Los Angeles City Council Approves Water Rate Ordinance
The Los Angeles City Council recently approved an amended water rate ordinance -- representing an 11% increase in water rates—proposed by the Los Angeles Department of Water and Power (LADWP) to ensure that LADWP can continue providing a reliable supply of high quality water to the city's 3.9 million residents.
The increase, which passed by a 10-4 vote, will go into effect 30 days after Mayor Jim Hahn signs the amended water rate ordinance. The new rate will represent about $2.94 of a typical customer's average monthly bill and will generate approximately $60 million in revenue annually. The water rate action will enable LADWP to pay for increased security, upgrading or replacing aging infrastructure, and complying with increasingly stringent state and federal water quality regulations.
"I recognize that this was a difficult decision for the City Council, and I applaud their action today," said Mayor Hahn, who had previously expressed support for the amended water rate ordinance. "Together we recognize that an increase is necessary to sustain and secure something as critical as our water supply. I also want to thank the many stakeholders, especially Neighborhood Council representatives, for being such an important voice in this process."
Councilman Tony Cardenas, who chairs the Committee on Commerce, Energy, and Natural Resources (CENR), supported the amended rate ordinance, which represents the first water rate increase in more than 11 years.
"This is a tough vote, but I'm voting 'yes' because it is the right thing to do," Cardenas said. "Clean, reliable water is costly, but not making the right decision can cost more in the long run."
LADWP had engaged Deloitte & Touche LLP to undertake an independent financial review of the proposed rate action. Deloitte concurred that the increase was necessary to comply with water quality regulations, upgrade or replace aging infrastructure, recover debt service costs, and incorporate cost of living and inflation adjustments.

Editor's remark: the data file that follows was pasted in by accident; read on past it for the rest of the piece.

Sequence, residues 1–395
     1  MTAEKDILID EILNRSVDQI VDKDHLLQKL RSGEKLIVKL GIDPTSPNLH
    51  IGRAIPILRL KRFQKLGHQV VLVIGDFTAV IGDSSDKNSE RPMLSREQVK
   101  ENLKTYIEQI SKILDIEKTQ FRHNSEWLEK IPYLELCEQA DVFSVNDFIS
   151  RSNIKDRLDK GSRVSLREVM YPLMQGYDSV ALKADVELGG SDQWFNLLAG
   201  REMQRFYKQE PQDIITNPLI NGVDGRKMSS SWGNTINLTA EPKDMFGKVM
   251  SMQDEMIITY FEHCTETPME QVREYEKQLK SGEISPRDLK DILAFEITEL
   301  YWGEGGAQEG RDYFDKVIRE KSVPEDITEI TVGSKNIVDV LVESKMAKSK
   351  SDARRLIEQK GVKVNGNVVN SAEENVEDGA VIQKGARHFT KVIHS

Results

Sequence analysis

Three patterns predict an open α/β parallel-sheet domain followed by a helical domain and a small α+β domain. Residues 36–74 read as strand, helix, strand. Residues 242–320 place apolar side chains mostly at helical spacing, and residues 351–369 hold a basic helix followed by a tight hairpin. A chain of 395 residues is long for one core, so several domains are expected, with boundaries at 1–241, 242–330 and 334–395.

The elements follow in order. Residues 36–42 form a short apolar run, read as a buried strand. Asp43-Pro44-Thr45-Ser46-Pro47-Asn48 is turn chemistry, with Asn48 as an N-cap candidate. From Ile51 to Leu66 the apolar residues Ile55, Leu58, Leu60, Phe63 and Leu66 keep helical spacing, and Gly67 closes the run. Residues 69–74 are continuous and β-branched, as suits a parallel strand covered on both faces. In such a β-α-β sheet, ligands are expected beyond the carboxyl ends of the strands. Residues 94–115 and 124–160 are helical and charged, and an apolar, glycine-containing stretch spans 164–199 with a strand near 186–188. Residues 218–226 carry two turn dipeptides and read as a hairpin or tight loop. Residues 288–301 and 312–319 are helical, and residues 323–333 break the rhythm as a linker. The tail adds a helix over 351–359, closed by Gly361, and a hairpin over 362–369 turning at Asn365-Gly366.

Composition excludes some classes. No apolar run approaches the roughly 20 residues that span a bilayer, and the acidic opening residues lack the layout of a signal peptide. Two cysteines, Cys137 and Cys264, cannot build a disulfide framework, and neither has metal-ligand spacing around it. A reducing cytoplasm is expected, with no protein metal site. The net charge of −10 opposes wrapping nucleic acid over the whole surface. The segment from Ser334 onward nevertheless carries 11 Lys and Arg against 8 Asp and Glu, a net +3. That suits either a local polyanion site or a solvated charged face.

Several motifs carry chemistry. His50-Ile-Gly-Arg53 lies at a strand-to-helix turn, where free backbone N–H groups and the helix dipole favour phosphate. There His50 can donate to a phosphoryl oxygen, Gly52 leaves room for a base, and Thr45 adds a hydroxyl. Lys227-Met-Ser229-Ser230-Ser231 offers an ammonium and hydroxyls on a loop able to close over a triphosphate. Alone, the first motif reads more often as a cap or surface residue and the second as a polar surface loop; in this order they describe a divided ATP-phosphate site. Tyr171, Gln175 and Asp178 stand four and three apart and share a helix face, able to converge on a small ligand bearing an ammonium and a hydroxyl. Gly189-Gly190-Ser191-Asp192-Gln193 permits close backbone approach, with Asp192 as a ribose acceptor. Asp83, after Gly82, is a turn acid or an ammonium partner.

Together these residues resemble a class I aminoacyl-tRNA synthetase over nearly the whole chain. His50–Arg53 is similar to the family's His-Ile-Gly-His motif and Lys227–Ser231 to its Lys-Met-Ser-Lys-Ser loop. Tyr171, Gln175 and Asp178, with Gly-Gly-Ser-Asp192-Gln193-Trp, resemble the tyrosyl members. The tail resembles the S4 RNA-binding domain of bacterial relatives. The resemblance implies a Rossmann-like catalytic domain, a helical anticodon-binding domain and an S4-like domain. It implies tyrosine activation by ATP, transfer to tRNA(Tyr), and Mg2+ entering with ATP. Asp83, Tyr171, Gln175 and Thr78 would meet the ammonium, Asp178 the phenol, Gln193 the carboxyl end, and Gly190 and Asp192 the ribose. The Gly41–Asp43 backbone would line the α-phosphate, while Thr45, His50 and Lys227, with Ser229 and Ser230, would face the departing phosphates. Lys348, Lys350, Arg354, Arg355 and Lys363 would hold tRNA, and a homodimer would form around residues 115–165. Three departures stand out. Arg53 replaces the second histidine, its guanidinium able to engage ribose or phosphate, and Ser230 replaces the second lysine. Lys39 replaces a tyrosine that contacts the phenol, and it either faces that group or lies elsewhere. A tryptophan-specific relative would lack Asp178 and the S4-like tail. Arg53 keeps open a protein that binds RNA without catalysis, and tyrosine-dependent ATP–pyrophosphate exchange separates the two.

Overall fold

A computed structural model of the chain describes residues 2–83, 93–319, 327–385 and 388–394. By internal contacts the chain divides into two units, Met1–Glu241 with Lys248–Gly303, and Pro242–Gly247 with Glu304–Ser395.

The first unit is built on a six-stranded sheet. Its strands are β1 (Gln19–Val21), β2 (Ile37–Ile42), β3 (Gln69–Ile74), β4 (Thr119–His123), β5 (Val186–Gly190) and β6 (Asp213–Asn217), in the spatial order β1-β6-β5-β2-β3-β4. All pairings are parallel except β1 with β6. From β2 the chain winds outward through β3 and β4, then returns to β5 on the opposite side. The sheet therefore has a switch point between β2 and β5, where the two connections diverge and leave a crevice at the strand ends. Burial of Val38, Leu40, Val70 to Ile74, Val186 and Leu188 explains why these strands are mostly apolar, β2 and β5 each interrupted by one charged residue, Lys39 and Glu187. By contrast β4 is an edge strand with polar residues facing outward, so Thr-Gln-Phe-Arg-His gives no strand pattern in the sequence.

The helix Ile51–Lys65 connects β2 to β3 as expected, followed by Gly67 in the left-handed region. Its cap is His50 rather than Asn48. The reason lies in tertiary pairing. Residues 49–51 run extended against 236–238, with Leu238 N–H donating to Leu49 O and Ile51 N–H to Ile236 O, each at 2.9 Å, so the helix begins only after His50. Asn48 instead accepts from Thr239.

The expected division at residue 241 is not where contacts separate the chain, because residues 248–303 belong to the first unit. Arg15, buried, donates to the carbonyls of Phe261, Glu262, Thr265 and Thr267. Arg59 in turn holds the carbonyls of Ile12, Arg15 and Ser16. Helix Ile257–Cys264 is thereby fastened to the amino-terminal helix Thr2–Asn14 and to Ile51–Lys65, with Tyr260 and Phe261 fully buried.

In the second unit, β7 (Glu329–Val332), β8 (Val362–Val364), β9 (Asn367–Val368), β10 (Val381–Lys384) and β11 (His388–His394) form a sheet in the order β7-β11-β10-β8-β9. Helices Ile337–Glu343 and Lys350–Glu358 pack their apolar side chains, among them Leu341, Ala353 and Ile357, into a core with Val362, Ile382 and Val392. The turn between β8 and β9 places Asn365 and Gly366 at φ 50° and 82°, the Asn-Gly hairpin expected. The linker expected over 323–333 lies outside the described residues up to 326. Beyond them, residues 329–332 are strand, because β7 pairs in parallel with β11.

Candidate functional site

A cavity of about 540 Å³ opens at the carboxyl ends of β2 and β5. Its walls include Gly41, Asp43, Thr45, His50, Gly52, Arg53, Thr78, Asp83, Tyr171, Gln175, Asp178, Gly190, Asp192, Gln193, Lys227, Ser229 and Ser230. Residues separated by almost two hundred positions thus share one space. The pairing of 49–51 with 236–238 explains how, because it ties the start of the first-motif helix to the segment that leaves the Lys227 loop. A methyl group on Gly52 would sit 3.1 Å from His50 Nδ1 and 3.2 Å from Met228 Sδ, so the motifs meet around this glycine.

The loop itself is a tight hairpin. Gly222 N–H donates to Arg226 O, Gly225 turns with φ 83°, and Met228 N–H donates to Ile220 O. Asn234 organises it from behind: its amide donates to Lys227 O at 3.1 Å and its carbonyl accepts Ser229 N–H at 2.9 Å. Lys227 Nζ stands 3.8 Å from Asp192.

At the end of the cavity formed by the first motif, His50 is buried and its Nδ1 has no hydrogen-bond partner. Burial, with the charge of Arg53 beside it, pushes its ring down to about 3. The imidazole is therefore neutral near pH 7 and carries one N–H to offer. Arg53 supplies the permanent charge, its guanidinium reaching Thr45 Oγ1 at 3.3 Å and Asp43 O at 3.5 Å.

LADWP officials said the one-time increase of 11% will meet the Department's near-term financial requirements. Within six months, LADWP will provide an updated five-year water system financial plan, subject to an independent financial review, that includes detailed projections, expenditures and any additional rate adjustments that may be necessary to ensure LADWP's current high bond rating, said Frank Salas, acting general manager. Salas said LADWP will also develop a communication plan with Neighborhood Councils and other stakeholders to solicit their input.
"We listened and we listened well," Salas said, noting that LADWP will engage in a grassroots public outreach campaign. "We greatly appreciate the support from the Mayor and members of the City Council in moving this rate action forward."
The amended water rate ordinance establishes a new water security surcharge, increases the existing water quality surcharge to meet state and federal standards, and expands other current surcharges to cover operation and maintenance expenses. It also modifies a water procurement adjustment or surcharge to include pumping expenses as part of the cost of purchased water, including water purchased from the Metropolitan Water District of Southern California.
LADWP services approximately 659,000 water connections, covering about 465 square miles.